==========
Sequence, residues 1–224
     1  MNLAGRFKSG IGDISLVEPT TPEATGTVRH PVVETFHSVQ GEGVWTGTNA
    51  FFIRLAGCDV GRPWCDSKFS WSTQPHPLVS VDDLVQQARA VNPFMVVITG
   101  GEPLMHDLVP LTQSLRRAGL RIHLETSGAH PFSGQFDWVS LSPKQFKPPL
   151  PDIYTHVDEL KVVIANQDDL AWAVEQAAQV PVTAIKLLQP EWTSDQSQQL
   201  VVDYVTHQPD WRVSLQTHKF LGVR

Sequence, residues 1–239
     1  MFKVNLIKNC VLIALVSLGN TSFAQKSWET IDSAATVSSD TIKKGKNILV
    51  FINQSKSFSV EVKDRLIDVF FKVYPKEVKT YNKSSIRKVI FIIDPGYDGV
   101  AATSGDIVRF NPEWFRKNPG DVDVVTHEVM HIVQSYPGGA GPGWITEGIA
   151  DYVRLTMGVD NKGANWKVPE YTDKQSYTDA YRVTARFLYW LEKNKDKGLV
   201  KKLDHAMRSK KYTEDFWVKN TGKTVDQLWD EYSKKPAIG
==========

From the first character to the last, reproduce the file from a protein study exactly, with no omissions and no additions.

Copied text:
Sequence, residues 1–224
     1  MNLAGRFKSG IGDISLVEPT TPEATGTVRH PVVETFHSVQ GEGVWTGTNA
    51  FFIRLAGCDV GRPWCDSKFS WSTQPHPLVS VDDLVQQARA VNPFMVVITG
   101  GEPLMHDLVP LTQSLRRAGL RIHLETSGAH PFSGQFDWVS LSPKQFKPPL
   151  PDIYTHVDEL KVVIANQDDL AWAVEQAAQV PVTAIKLLQP EWTSDQSQQL
   201  VVDYVTHQPD WRVSLQTHKF LGVR

Sequence, residues 1–239
     1  MFKVNLIKNC VLIALVSLGN TSFAQKSWET IDSAATVSSD TIKKGKNILV
    51  FINQSKSFSV EVKDRLIDVF FKVYPKEVKT YNKSSIRKVI FIIDPGYDGV
   101  AATSGDIVRF NPEWFRKNPG DVDVVTHEVM HIVQSYPGGA GPGWITEGIA
   151  DYVRLTMGVD NKGANWKVPE YTDKQSYTDA YRVTARFLYW LEKNKDKGLV
   201  KKLDHAMRSK KYTEDFWVKN TGKTVDQLWD EYSKKPAIG